Get ready for more chaos in Mumbai during the Ganpati festival this year. Reason: A rise in the number of Ganesh pandals in the city and vehicles on the streets.
Mumbai got a sneak peak of what lies ahead on Tuesday. The severe traffic snarls may have been caused by the derailment of coaches at Vile Parle, but were made worse by the Ganpati preparations across the city.
According to the Mumbai traffic police department, 7,013 community Ganesh idols were immersed last year.
As per a mandal organisation in the city, which collects data on the pandals, this year, the number has risen to 11,000.
Motorists on Tuesday complained how pandals set up on the road are congesting the road further, causing bottlenecks that last for several hours. The traffic police struggled to maintain an easy flow of traffic on Tuesday, as western railway services collapsed.
Milind Bharambe, joint commissioner of police, traffic admitted the traffic situation worsened on Tuesday because of Ganesh preparations.
This year, the traffic department has devised a way to decrease peak-hour traffic by giving a set of specific instructions to Ganesh idol sculptors.
“The sculptors have been asked to avoid delivering the idols during peak hours. This is likely to decrease the congestion,” a source in the traffic department told Hindustan Times.
Traffic experts said one issue which is making the congestion problem difficult to deal with is motorists’ attitude. A motorist will not think twice before flouting a rule or changing lanes breaking the otherwise smooth flow.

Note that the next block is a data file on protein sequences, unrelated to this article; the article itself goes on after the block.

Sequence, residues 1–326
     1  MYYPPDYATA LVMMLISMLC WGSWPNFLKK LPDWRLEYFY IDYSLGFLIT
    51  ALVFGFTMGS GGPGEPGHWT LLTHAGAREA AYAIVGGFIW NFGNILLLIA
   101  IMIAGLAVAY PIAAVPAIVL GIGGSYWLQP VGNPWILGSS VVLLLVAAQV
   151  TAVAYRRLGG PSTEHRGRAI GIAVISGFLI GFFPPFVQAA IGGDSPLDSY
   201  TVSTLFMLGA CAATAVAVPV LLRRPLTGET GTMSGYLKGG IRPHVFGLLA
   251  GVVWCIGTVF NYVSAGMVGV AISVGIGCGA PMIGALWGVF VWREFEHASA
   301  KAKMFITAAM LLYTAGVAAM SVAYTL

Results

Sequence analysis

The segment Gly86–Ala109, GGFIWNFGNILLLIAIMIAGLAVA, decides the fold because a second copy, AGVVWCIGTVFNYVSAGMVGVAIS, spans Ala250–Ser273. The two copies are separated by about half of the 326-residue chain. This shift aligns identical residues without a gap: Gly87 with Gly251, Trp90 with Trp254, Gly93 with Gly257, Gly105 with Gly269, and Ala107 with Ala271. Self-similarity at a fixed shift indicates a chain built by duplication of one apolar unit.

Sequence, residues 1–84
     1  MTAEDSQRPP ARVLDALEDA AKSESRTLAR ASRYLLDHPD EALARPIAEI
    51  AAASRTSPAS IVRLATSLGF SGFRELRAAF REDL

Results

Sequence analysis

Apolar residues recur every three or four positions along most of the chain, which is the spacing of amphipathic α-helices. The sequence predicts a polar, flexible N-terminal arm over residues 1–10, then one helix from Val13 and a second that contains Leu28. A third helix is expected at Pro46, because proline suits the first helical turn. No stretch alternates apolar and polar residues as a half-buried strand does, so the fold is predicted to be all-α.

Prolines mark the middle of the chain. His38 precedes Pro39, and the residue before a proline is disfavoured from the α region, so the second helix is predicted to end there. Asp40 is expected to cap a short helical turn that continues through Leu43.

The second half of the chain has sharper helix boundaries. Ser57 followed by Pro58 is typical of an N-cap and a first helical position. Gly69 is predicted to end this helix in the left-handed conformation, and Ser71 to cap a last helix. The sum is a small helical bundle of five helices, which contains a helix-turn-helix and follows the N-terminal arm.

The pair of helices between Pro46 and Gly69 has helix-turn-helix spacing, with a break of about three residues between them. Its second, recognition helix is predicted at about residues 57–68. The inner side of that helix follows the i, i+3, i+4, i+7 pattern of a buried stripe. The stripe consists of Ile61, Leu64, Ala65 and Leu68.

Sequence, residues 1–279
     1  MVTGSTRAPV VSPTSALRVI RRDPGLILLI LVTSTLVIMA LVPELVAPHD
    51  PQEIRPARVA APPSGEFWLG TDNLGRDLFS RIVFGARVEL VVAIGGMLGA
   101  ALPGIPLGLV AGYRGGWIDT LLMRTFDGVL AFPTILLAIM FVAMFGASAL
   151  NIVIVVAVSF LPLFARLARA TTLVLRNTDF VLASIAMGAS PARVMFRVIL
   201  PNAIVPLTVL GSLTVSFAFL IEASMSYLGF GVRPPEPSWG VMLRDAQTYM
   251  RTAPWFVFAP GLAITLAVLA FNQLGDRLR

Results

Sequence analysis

“The bikers are another problem. The bikers feel they can break the rules and get away. Road discipline needs to be instilled in them to avoid this,” said PS Pasricha, former director general of police, Maharashtra.
Pasricha said the traffic culture needs to be given top-most priority in the city and lectures should be conducted for autorickshaw and taxi drivers too.
“The department is educating children about road safety, but drivers should not be neglected. The traffic situation in this city is dynamic and the other agencies need to work in tandem with the traffic department by taking periodical reviews,” Pasricha said.
Ashok Datar, a transport expert said the number of private vehicles has increased on city roads and the travel time has gone up.
“Motorists are using private vehicles for longer distances now more than ever, which has a compounding effect on the traffic situation,” said Datar.
“The attitude of people driving on the roads is very ‘anti-city’ and the number of motorists flouting rules is scary. Unless there is discipline among drivers, the traffic flow will worsen during Ganesh festivals,” he said.